A business owner sold his air conditioning business to a buyer, who obtained the exclusive right to market, distribute and sell air conditioning units.  The parties entered into an agreement for sale and purchase. 

After the sale transaction had concluded, the buyer sued the seller claiming that the air conditioning units were defective and unfit for purpose because they leaked.

By signing the standard Agreement for Sale and Purchase of a Business, a seller gives a number of warranties to a buyer.  These warranties include that at the time the buyer takes possession of the business, the tangible or physical assets are in good operational order and condition, taking account of their order and condition as at the date of the agreement.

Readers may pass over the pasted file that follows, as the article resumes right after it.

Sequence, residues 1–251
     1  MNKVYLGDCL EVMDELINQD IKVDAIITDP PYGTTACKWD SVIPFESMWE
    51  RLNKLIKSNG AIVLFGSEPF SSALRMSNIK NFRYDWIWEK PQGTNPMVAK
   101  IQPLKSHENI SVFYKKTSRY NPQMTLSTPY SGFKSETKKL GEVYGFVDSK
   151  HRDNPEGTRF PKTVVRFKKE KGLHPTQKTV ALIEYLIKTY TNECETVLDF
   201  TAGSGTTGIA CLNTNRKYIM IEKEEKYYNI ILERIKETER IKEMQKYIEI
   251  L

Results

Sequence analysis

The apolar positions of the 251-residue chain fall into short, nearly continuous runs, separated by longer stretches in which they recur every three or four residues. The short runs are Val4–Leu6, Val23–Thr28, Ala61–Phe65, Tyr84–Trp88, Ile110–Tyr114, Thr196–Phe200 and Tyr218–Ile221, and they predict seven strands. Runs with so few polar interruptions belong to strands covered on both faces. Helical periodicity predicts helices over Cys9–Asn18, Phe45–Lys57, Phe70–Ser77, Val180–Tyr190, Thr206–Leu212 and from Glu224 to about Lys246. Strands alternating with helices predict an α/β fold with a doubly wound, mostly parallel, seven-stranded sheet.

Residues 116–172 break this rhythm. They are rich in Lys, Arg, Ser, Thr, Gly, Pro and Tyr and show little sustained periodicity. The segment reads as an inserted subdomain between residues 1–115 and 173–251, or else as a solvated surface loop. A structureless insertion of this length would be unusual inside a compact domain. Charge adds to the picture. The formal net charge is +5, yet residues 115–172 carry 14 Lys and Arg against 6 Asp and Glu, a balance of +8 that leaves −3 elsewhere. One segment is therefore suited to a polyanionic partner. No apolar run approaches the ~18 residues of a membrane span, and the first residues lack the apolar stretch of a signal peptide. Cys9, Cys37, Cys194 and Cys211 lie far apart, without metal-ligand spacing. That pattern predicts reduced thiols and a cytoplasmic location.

In this case the buyer’s claim was successful.  The leaky units were not fit for purpose and so were unsaleable to the public.  The seller was liable to pay damages to the buyer for breach of warranty. 

Sellers should ensure they know what warranties they are giving to the buyer by signing the agreement for sale and purchase and that they are able to provide such warranties.  Signing an agreement without understanding its content could result in substantial costs and hassle for sellers later on.  Before signing any agreement, sellers should seek legal advice to ensure their position is protected.

Claire Tyler
Commercial Lawyer